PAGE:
Update: Charter Case to Focus on Lack of Return Transportation

Erin Jackson
April 12, 2007

James Cook was left stranded in the cold after his bail hearing on January 21, 2007, as he did not have enough money to pay for a plane ticket home upon release. The judge ordered the Crown to pay $282 for Cook’s plane ticket and a taxi ride home, but the Crown successfully had the order quashed, leaving Cook to hitchhike from La Ronge to Prince Alberta in the middle of January. He was stuck in the city for several weeks until his Legal Aid lawyer, Felicia Daunt, paid for his plane ticket out of her own money.

On behalf of her client, Daunt issued a section 7 Charter of Rights and Freedoms, which provides that “everyone has the right to life, liberty and security of the person in accordance with principles of fundamental justice.” It will be argued that failing to provide return transportation for individuals held in custody is a violation of s. 7 as it puts people’s lives and health at risk and because it forces people to stay in a place without the means to survive. The case was heard at the Saskatchewan Court of Queen’s Bench on March 14, 2007.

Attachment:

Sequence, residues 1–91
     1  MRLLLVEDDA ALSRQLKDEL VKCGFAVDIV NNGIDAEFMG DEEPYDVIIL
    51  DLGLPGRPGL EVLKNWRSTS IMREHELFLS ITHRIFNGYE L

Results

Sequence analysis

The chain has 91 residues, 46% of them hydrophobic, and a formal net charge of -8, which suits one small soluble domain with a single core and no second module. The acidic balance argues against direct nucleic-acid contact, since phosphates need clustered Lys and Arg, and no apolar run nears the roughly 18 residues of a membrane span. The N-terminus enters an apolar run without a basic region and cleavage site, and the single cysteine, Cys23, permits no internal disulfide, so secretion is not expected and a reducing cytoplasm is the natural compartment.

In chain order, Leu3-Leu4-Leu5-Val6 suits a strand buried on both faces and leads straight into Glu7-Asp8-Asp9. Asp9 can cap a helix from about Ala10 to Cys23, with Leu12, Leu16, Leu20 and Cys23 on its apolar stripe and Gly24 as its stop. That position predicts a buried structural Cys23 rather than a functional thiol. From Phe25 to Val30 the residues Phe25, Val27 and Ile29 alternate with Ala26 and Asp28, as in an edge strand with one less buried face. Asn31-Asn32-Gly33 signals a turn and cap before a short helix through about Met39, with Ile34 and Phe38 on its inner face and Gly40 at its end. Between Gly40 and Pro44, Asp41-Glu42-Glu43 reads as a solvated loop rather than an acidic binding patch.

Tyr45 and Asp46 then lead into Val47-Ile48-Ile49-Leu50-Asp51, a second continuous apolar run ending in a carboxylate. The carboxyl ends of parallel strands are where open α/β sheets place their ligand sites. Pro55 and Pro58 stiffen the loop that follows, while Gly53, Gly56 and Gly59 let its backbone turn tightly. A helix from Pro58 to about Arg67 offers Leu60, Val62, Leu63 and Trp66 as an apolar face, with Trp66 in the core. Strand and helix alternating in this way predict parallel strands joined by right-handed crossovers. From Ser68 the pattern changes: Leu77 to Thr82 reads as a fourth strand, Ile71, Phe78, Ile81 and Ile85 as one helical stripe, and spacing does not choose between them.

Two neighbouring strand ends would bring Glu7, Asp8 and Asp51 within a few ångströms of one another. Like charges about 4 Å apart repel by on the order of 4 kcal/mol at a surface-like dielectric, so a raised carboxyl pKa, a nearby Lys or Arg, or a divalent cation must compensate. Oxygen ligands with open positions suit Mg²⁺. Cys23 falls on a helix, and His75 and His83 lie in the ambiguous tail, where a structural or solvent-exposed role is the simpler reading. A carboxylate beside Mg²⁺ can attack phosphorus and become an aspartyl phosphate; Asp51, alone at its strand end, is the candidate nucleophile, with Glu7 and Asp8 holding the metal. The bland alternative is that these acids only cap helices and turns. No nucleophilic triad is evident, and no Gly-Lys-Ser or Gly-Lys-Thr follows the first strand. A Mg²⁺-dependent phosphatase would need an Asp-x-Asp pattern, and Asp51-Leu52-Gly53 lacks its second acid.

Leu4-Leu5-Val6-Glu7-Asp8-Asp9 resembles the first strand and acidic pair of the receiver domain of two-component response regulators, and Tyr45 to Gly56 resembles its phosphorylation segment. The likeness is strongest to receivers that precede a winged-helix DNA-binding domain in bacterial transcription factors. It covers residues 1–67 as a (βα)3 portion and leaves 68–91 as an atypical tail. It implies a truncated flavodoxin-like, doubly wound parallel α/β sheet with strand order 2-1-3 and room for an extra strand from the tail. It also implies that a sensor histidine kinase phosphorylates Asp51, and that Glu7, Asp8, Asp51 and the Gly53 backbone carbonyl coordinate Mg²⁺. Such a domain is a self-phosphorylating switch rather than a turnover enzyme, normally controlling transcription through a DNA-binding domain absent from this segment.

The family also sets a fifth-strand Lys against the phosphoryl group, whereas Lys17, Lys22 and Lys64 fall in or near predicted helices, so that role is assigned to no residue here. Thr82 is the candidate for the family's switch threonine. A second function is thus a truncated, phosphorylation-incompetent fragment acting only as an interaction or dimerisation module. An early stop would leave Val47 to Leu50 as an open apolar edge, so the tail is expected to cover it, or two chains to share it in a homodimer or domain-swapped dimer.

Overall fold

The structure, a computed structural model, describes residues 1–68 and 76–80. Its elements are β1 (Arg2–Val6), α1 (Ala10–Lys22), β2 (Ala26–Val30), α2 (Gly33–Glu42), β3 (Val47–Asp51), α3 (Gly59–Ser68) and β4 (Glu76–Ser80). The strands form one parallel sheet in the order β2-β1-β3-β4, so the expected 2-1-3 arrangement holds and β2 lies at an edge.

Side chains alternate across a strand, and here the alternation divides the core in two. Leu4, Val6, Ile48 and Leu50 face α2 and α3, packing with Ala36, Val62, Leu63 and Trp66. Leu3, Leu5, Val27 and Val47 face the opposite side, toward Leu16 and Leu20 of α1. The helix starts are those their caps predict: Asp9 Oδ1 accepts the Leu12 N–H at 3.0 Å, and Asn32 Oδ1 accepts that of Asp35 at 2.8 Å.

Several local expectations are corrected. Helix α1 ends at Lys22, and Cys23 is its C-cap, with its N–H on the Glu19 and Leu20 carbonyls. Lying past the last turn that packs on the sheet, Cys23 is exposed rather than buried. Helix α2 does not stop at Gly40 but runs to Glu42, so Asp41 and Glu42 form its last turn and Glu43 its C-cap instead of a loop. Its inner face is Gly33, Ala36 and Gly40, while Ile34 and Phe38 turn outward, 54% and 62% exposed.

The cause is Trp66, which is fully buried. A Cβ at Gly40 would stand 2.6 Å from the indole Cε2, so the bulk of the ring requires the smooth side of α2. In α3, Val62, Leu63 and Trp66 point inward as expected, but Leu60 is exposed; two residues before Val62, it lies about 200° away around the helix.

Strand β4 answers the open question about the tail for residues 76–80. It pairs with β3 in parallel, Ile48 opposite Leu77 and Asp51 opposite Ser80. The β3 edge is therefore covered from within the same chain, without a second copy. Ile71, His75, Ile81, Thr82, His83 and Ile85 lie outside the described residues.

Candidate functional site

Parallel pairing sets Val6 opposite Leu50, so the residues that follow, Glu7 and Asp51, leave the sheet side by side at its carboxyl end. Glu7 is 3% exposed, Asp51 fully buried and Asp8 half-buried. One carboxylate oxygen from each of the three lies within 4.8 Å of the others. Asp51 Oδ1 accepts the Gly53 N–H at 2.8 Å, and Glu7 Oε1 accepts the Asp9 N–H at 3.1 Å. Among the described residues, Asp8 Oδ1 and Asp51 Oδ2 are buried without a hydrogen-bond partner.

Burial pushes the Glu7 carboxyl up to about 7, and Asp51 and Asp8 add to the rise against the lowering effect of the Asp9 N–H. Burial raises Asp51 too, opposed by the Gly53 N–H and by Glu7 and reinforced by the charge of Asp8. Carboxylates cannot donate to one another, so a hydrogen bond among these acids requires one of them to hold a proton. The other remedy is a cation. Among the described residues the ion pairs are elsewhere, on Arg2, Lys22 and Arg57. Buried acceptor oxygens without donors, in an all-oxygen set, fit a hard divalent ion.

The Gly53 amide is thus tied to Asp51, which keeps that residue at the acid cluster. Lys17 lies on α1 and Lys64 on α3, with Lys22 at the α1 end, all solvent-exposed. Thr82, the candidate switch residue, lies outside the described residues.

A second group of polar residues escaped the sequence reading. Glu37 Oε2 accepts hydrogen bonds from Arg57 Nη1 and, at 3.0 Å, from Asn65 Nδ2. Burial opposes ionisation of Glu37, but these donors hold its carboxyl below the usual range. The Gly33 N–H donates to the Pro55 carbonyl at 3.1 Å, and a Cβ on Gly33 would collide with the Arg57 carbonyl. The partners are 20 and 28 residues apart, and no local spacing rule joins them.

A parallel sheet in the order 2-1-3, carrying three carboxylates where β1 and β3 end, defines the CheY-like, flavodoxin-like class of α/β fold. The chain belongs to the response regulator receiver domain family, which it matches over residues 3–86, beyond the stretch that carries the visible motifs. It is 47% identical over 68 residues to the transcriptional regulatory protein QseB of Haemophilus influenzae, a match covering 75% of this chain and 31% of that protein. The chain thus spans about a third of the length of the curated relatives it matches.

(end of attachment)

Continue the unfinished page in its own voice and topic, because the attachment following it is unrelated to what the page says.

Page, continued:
A spokesperson for the RCMP told the press that the RCMP does everything they can to return people to their communities following release from custody but that it is not always possible and that it is not their responsibility.

The case was adjourned by a Court of Queen’s Bench judge with the understanding that the Saskatchewan government will come up with a political solution to the problem of providing return transportation to people who are released from custody and are far away from their homes. At this time no date has been set for a decision.


Charter case launched after northern Saskatchewan man stranded CBC News (5 March 2007)

Province to address issue of defendant stranded far from home CBC News (15 March 2007)

Subscription Form


Protection of Privacy – Personal information provided is collected in accordance with Section 33(c) of the Alberta Freedom of Information and Protection of Privacy Act (the FOIP Act) and will be protected under Part 2 of that Act. It will be used for the purpose of managing CCS’ email subscription lists. Should you require further information about collection, use and disclosure of personal information, or to unsubscribe, please contact: Administrator, Centre for Constitutional Studies, 448D Law Centre, University of Alberta, Edmonton AB, T6G 2H5, Tel: 780-492-5681, Email: ccslaw@ualberta.ca. You may unsubscribe from our email lists at any time.
Centre for Constitutional Studies
448D Law Centre
University of Alberta
Edmonton, AB T6G 2H5
chevron-down linkedin facebook pinterest youtube rss twitter instagram facebook-blank rss-blank linkedin-blank pinterest youtube twitter instagram